Stakeholders in Alaska’s Bristol Bay have watched the federal and state regulatory landscape heave and buckle with the shifting sands of federal oversight.

Fishermen invested in other watersheds threatened by mining waste and potential mine development have watched this battle, as well. But the lessons to be learned shift at every turn. Join me and a panel of insiders on Monday at Pacific Marine Expo for a public meeting on Pebble Mine, where we will discuss next steps for the industry.

The Trump administration breathed life back into the prospects for Pebble Mine.

Pebble CEO Tom Collier wasted no time in penning a January 2017 editorial praising his company’s efforts to address the concerns of Alaska residents, the thousands of fishermen who make their living in the shadow of the potential mine and its caustic byproducts, and the millions of consumers who rely on Bristol Bay’s pristine rivers to welcome back the world’s largest wild salmon run year after year.

The United Fishermen of Alaska reported Bristol Bay’s 2016 commercial salmon ex-vessel value alone was $192 million, with a projected $214 million in 2017. And nearly 100 percent of local residents fish the bay for subsistence.

Former EPA Administrator Scott Pruitt’s agency quickly abandoned an Obama-era emergency action to protect the watershed after Pruitt took a meeting with Pebble interests in May 2017. In exchange for reopening a three-year window for which Pebble to file a plan, the mining interests withdrew lawsuits filed against the federal government after the project was thwarted by the EPA evaluation.

Despite Pruitt’s exit on July 5, 2018 (a resignation prompted by unrelated accusations of misappropriation of government funds), and the withdrawal in May of Pebble’s fourth investor, the Pebble permitting process has sailed through the Army Corps of Engineers, including a fast-tracked scoping report released in September. That report is the precursor to an Environmental Impact Statement and the first major step in Pebble’s federal permit process.

“Based on the Army Corps’ rushed scoping report, it’s abundantly clear that this administration has no interest in conducting an honest review of the impacts that the Pebble Mine would have on Bristol Bay’s salmon and the people who depend on it,” said Mike Friccero, representative for the Commercial Fishermen for Bristol Bay coalition. “If they did, then they would not have produced such a cursory report that omits thousands of comments, including that of expert scientists and commercial fishermen. Our nation’s largest and most valuable wild salmon fishery is on the line here. The Army Corps’ process will ultimately decide whether or not I and 14,000 other Americans will lose our jobs fishing in Bristol Bay.”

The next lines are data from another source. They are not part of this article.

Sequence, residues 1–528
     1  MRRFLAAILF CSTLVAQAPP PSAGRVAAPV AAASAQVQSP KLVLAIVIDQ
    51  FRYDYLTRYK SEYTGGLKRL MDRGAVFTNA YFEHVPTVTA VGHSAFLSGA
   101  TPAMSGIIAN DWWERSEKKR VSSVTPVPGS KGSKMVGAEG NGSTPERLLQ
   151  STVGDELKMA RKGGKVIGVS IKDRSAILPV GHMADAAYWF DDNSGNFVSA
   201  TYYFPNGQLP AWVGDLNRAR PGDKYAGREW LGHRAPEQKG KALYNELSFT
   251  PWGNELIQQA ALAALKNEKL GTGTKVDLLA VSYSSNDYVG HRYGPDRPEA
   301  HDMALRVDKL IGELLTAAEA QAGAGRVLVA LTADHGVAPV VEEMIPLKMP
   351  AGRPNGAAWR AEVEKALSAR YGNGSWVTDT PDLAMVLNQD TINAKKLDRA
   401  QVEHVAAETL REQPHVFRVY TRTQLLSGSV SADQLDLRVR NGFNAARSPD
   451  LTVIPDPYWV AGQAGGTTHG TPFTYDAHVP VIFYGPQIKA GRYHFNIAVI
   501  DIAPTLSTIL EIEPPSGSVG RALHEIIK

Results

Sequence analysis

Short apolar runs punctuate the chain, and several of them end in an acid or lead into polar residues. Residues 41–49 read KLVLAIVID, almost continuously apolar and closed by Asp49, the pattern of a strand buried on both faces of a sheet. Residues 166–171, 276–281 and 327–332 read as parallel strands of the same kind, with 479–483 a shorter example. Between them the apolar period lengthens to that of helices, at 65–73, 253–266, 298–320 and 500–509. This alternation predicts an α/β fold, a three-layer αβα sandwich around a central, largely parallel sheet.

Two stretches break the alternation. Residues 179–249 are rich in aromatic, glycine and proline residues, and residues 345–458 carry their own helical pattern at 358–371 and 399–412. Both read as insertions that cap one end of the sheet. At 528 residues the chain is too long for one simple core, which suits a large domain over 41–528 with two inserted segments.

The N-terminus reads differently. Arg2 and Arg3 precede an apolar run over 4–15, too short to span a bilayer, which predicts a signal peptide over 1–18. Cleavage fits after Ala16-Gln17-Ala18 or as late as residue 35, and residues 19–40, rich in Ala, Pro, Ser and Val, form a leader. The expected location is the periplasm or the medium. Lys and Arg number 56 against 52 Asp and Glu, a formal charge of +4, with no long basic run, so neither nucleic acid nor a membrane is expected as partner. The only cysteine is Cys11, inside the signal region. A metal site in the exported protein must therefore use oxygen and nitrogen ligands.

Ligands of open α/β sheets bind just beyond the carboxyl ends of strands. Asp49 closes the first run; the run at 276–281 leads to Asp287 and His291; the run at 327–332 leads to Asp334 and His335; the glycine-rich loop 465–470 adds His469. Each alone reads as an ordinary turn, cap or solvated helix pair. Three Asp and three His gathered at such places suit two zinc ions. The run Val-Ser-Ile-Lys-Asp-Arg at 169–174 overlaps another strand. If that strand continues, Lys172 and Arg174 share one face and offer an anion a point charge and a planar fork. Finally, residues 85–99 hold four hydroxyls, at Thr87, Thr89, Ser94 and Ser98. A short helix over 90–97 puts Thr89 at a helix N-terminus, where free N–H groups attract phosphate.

The bottom line for the Bristol Bay salmon fleet and other local residents who rely on those salmon returns is not just what happens now but what happens 50 years from now when the mine is no longer operating, Pebble Corp. no longer exists, and there’s a problem with maintenance of one of the toxic byproduct ponds?

The problem is not that Pebble hasn’t done enough to make the project appeal to the local community. Jobs and infrastructure are a sparkly lure. The problem is simply perspective. Is Pebble in Alaska for a fling or to start a long-term relationship?

An extractor who mines a finite resource looks at their job differently than someone who extracts a potentially infinite resource. Finite resources are found in many places in small amounts. This makes minerals miners relatively nomadic. They don’t need to put down roots where they work like a one-off greenhorn fisherman just there to survive the season and take home a check. The short-termer needs to connect just enough to get in and claim their share, knowing they will be gone when the season is over. What incentive do they have to build relationships and a good reputation with the rest of the crew if they know they never need to work with them again?

The captain, on the other hand, has a bigger responsibility to manage the boat as a whole, the crew, the resource — they all contribute to the bottom line of his or her business and require constant consideration of the future and potential pitfalls.

When your resource is bountiful and potentially infinite, relying almost entirely on the health of the environment in which it breeds, you have every incentive to ensure that environmental threats are managed with a view to the far-flung future.

This is why critics of Pebble ask simply (and repeatedly), “What is the advantage of risking the infinite salmon resource for the short-term gain of the metals resource?”

There will always be another greenhorn walking the docks. This is not the only pebble on the beach. Is it worth the risk of trading forever for now?

Join us for the discussion on Monday at 10:30 a.m. on the Main Stage in the Alaska Hall.

Get more from National Fisherman with our Expo special price for 16 issues plus digital access. See us in booth 755.

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Jessica Hathaway is the former editor in chief of National Fisherman.

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